Initial comparison of mineral mapping simultaneously collected hyperspectral short-wave infrared (SWIR) and long-wave infrared (LWIR) data over Cuprite, Nevada.
D. Riley and J. Janaskie
Event name: GRSG AGM 2012 - Monitoring and Managing the Earth's Resources
Session: Mineral Exploration
Publication date: 12 November 2012
Info: Abstract, PDF ( 180.5Kb )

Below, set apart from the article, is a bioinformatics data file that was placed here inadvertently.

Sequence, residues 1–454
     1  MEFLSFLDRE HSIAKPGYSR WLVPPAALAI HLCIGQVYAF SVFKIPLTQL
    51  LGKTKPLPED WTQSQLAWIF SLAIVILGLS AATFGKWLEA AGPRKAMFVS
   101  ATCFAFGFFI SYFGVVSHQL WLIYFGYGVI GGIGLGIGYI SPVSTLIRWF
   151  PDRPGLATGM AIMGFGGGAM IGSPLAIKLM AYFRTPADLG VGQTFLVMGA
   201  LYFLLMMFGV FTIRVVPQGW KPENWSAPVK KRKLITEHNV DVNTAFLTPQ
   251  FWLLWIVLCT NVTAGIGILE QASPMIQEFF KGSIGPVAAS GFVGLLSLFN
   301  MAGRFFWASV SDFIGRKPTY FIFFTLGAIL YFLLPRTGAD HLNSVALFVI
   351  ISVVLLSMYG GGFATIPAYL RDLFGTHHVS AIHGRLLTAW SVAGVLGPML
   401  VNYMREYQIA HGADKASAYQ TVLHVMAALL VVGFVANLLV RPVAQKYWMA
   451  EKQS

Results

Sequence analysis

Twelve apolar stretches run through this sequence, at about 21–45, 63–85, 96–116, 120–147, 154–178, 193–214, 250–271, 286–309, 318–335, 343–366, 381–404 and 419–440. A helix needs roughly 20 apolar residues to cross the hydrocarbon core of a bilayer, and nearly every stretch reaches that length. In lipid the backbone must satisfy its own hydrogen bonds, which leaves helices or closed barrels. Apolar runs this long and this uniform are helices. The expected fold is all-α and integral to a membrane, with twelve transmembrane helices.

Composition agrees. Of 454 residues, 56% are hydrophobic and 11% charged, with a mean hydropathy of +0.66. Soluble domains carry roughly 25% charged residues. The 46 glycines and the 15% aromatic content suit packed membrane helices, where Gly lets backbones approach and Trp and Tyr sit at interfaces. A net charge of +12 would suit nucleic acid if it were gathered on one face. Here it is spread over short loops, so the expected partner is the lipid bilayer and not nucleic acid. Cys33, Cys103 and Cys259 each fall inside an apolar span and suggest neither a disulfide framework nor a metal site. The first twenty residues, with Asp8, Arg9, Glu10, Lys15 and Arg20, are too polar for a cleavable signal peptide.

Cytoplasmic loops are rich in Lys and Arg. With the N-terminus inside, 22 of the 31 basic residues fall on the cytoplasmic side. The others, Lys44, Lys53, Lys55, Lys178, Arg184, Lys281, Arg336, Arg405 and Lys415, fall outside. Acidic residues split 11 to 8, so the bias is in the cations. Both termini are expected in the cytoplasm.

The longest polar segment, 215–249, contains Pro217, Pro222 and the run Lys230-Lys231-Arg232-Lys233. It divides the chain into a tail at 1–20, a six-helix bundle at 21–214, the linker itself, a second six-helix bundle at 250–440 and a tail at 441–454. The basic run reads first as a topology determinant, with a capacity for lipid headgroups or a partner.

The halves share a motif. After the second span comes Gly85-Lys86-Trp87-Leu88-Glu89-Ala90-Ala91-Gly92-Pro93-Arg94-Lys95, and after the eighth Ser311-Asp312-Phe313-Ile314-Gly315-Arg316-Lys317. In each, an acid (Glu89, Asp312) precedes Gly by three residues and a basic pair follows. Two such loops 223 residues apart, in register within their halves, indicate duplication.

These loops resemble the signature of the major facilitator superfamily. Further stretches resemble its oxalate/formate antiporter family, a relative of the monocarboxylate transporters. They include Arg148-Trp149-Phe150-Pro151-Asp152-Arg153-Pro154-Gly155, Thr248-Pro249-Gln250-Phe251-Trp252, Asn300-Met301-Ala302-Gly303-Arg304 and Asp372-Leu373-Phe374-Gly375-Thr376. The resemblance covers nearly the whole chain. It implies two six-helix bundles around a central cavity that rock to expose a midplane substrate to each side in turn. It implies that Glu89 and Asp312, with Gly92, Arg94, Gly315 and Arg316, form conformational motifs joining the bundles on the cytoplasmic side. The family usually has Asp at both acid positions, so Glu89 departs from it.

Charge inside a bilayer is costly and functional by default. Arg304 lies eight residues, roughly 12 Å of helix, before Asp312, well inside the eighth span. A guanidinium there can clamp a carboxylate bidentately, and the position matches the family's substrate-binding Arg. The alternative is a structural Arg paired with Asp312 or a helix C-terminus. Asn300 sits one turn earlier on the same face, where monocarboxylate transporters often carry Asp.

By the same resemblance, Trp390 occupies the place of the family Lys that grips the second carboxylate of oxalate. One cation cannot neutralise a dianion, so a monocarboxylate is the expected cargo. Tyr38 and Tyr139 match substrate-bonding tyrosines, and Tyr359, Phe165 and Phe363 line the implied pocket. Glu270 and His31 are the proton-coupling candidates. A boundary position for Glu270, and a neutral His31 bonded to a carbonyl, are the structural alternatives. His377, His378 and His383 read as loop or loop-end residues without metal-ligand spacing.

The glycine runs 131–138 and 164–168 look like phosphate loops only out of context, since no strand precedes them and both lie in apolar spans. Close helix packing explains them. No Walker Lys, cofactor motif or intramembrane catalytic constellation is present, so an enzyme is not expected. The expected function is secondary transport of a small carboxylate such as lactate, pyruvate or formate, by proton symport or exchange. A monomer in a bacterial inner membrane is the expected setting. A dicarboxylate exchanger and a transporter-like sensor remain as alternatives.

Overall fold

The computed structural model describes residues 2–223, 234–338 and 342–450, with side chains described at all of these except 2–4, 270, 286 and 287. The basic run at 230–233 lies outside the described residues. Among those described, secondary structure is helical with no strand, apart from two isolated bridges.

Rock forming and alteration minerals associated the Cuprite mining district, southwestern Nevada, USA have electronic and vibrational features that can be mapped in the short-wave and long-wave infrared portion ofthe electromagnetic spectrum. Since the 1970's numerous visible to short-wave infrared and a few long-wave infrared multispectral and hyperspectral sensors have imaged Cuprite, Nevada for sensor evaluation and demonstration and phenomenological studies. In 2008 Cuprite, Nevada was imaged simultaneously with two hyperspectral sensors, one visible to short-wave infrared (VNIR-SWIR) and one mid-wave to long-wave infrared (MWIR-lWIR), on a single roll stage looking through a single camera port on the aircraft. Twenty flight lines were collected over Cuprite at an average altitude of 4735 m. The sensors used were the Prospectir sensor, a 357 channel hyperspectral sensor that makes radiance measurements in the visible to short-wave infrared portion of the electromagnetic spectrum (0.4-2.5 11m), and the Spatially Enhanced Broadband Array Spectrograph System (SEBASS) that makes radiance measurements in the mid-wave to long-wave infrared portion ofthe electromagnetic spectrum (3.0-5.5 11m and 7.6-13.5 11m).